Four years since Lyme’s beloved cinema burnt down

regent cinema fire
The Regent Cinema auditorium was completely destroyed by fire in March 2016 and later demolished

TODAY marks four years since the Regent Cinema in Lyme Regis was destroyed in a fire and questions still hang over the building’s future.

The town stood in shock as it watched its 1930s Art Deco cinema engulfed in flames on March 22 2016.

At the height of the blaze, thick black smoke rising from the site could be seen for miles and eight crews from three counties worked to prevent the flames spreading to adjoining buildings.

Residents were visibly upset as they watched the incident unfold from the street.

The fire was started by an electrical fault in the recently-refurbished cinema; it completely destroyed the auditorium, which was later demolished, but fire doors largely protected the Grade II Listed frontage which still stands in Broad Street.

Following the blaze, owners Scott Cinemas said they had “every intention to rebuild the cinema to its former glory”.

However, the complex insurance claim took a year to finalise, described by Scott Cinemas as “a much longer process than we had hoped”.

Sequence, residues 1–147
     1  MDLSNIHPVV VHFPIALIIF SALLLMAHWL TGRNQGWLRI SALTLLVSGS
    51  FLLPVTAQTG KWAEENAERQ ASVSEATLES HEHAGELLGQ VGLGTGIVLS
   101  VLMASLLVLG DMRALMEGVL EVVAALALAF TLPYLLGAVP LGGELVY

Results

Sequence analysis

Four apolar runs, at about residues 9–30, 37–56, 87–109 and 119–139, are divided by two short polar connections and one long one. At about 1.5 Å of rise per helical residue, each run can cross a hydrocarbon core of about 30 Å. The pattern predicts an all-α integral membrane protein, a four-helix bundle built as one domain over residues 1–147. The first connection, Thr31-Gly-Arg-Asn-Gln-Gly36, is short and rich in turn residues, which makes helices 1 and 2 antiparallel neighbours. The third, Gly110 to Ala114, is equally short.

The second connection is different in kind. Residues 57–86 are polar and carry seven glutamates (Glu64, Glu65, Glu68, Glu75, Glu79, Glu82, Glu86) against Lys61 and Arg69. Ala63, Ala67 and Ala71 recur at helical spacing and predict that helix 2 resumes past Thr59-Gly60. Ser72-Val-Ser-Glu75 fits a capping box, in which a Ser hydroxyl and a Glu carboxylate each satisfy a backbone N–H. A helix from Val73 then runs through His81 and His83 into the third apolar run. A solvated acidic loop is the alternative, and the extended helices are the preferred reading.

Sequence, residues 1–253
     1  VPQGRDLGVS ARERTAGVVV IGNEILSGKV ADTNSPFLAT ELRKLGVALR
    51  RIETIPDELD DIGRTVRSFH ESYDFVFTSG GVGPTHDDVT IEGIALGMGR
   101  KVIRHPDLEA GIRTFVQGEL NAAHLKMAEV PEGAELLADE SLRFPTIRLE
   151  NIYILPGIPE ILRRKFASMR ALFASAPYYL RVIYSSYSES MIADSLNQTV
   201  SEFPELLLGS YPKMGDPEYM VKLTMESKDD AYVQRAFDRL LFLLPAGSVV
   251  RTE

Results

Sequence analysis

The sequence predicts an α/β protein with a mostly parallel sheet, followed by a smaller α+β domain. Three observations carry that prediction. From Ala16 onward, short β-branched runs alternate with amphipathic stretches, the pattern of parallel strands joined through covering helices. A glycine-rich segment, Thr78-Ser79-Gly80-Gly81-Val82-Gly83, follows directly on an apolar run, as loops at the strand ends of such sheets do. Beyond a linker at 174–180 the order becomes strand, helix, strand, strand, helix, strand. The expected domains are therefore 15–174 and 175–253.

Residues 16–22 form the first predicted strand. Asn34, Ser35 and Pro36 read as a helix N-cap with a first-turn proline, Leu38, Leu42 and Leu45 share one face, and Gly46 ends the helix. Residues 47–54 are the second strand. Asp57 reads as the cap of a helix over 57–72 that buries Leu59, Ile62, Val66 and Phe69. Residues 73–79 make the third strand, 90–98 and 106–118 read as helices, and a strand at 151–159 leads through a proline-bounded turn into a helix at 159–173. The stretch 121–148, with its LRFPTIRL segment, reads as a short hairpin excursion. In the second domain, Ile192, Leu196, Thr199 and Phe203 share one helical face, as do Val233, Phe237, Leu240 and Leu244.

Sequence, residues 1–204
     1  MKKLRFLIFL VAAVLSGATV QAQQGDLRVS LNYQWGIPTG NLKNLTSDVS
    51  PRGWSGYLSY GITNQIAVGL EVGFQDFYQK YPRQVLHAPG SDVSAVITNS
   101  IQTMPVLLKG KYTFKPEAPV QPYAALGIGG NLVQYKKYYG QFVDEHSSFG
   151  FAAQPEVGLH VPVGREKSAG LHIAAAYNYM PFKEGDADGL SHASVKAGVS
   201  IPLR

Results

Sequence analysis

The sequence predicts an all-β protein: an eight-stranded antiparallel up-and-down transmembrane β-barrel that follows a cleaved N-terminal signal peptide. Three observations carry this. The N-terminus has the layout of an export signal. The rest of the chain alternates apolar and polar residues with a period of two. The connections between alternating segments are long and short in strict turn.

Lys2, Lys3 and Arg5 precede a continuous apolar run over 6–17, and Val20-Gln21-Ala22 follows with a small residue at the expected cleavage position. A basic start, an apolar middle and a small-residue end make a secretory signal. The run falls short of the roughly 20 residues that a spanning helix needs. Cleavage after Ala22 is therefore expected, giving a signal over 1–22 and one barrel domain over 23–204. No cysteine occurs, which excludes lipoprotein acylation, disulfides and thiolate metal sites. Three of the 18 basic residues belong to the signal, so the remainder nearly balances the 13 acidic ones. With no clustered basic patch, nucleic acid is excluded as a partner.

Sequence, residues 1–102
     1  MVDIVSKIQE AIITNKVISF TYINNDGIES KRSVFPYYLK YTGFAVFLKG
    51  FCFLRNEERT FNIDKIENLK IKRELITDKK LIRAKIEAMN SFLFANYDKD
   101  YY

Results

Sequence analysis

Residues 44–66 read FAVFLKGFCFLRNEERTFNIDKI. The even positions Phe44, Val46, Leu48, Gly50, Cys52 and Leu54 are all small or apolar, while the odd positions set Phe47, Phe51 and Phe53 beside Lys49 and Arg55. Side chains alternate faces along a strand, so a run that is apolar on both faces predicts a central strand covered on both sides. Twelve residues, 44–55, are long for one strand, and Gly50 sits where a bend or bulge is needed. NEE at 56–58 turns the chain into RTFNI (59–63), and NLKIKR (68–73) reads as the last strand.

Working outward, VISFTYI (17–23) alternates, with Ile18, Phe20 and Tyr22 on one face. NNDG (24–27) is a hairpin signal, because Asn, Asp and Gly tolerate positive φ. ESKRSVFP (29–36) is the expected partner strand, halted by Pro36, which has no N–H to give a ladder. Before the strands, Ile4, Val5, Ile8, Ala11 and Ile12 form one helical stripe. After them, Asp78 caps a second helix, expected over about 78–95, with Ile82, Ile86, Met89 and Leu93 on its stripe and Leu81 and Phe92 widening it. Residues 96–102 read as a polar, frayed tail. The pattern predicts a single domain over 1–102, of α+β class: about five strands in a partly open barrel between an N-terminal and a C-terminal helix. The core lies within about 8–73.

The company later merged with Cornwall-based cinema chain WTW, forming WTW Scott Cinemas, and has since been working on plans for the rebuild of the Regent but has struggled to put together a scheme that is both financially and architecturally viable.

The latest official statement from WTW Scott Cinemas was released in August 2019, when it was suggested that the cinema could be rebuilt with two high-quality apartments to offset the costs.

At that time a spokesperson commented: “At this stage, we continue to work on designs for a potential rebuild of the cinema in Lyme Regis.

“Given the building’s listed status, the high costs of construction and the relatively low potential turnover of a single screen cinema in the area, any such rebuild has to be both architecturally and financially viable.

“We recently briefed the local authority on a range of design options and our current position, one option of which was a reinstated single-screen cinema with two high-quality apartments at the rear to offset the extremely high build costs.

“We continue to explore this, and other options.”

Woodmead Halls
About Francesca Evans 2069 Articles
Francesca grew up in Lyme Regis and has worked in community journalism in the area since 2011, having gained a First Class Honours degree in journalism and her NCTJ qualifications at Southampton Solent University.


  1. Very Sad It Hasn’t Been Rebuild. Spent A Lot Of My Childhood Going To The Cinema And Still Do. We Were Going To The Siver Screen On A Regular Basis.

  2. Thank you for reporting on this; however, it’s actually five years since the cinema burnt down –!
    Do please keep us updated on any developments – we miss it very much. A mixed cinema/residential development sounds a fantastic idea – the location is amazing for the residential users and it would still provide the town with a much loved facility.

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